More pics of the hostel:
One of the reasons to stay at the Everglades International Hostel is for their spectacular Everglades guided tour (cost: $75; guests get a $10 discount). Usually their tour season runs November through March, but we were able to sweet talk them into organizing one more for good measure. Our tour guide Graham warned us that it would be hot, buggy, and we probably wouldn’t see much wildlife, but we had high hopes. We thought at first it’d jut be the three of us, but come sunrise on the morning of our departure, we were joined by our new friends Laurent and Ariane from Canada, another couple from Barcelona, and a young guy from France.
We loaded up in the van, bleary-eyed and ready for adventure. The agenda was as follows:
1. Sunrise/roadside intro to Everglades natural history
2. Canoeing along the Noble Hammock Trail
3. Lunch at West Lake
4. Walk around Florida Bay
5. Tromp through a cypress dome
6. Hike the Anhinga trail
Graham gave a bit of natural history background, the highlights of which are that contrary to popular belief, Everglades NP is NOT a swamp. A swamp, by definition, is still or stagnant water. The water in the Everglades is constantly moving and you can see clear to the bottom. When you look out upon the glades, it almost seems like a prairie with a few mounds of trees scattered throughout. But the Everglades are really a river, a very shallow river. The glades used to run from Lake Okeechobee to Florida Bay, which means even Miami would have been part of the ecosystem. Due to canals, dikes, levees and other development, water has been diverted from the everglades and they are in danger of running dry. The park is doing a lot to prevent that from happening, and we recommend talking to rangers about those projects once you visit.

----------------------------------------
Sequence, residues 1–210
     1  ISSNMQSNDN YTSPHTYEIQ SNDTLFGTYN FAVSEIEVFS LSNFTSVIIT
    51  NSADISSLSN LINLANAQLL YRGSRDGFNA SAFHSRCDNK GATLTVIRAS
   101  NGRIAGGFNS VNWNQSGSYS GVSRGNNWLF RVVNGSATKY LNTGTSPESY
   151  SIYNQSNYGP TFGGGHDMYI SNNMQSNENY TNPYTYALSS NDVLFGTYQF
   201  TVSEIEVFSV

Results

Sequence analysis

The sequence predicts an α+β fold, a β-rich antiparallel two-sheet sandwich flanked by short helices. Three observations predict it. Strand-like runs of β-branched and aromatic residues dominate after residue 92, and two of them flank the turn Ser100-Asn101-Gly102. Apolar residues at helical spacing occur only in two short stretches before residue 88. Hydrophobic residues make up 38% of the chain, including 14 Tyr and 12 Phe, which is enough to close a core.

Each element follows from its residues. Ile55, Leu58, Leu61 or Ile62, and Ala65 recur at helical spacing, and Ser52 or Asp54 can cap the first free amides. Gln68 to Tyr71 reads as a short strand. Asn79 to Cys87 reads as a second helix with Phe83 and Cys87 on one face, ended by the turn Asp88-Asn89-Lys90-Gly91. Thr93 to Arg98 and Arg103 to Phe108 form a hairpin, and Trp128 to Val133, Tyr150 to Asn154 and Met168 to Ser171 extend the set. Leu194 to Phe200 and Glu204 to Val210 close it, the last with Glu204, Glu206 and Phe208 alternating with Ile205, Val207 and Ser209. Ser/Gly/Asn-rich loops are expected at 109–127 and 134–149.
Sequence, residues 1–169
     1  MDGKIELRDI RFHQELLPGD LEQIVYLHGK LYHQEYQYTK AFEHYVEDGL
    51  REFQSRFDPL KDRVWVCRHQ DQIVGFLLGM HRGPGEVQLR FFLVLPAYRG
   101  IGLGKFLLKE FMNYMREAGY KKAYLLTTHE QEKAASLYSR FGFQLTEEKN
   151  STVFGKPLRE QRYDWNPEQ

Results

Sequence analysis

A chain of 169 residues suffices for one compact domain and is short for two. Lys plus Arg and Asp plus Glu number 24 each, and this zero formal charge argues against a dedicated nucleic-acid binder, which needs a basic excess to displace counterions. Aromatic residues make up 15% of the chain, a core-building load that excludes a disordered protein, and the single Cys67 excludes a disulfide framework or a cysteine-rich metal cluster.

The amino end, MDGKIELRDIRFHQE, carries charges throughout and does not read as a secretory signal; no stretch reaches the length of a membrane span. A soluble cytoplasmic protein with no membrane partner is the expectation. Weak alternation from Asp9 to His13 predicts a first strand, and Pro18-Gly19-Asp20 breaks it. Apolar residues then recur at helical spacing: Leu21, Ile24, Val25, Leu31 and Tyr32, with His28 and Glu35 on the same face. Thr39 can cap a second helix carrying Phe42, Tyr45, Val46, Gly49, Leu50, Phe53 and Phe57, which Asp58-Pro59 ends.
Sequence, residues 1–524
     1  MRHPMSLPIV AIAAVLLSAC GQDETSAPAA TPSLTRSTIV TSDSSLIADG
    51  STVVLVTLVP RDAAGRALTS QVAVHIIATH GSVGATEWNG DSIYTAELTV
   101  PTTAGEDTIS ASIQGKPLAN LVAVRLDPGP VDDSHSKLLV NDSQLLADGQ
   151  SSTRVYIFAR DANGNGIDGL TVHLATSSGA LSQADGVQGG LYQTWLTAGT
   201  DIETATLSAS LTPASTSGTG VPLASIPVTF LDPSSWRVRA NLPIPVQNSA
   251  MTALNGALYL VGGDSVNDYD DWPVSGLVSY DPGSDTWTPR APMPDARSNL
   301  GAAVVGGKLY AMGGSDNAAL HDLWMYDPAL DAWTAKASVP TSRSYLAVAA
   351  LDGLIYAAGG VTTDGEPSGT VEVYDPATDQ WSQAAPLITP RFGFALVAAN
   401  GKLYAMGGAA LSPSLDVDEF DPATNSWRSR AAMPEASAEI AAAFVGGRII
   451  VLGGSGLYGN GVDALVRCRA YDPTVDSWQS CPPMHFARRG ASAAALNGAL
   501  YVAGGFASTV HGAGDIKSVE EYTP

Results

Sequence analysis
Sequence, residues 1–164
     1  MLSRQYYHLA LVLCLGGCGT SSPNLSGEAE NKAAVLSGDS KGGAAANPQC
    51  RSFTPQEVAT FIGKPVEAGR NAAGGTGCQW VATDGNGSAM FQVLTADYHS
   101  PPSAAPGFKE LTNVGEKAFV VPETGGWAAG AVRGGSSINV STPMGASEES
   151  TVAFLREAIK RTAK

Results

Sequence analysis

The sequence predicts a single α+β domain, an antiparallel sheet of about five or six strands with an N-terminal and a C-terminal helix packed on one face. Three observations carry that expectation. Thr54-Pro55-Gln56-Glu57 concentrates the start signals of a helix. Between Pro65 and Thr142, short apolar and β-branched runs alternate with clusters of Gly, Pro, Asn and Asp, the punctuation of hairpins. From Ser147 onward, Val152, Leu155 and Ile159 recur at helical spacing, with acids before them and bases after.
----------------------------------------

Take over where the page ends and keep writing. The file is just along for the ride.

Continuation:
The other really cool thing about Everglades NP is that there’s no place like it anywhere else in the world. In fact UNESCO has designated it as an international biosphere reserve and a World Heritage site. The unique mix of temperate and tropical species means that you can run into raccoons and manatees. Crocodiles (tropical) and alligators (temperate). All in one spot!
Our canoe trip on the Noble Hammock trail started off great. The trail is pretty narrow and winding, so it’s best for those who are experienced at canoeing or kayaking. We got fantastic views of the red mangroves and bromeliads (air plants) and Graham gave a little history of why the trail is called Noble Hammock.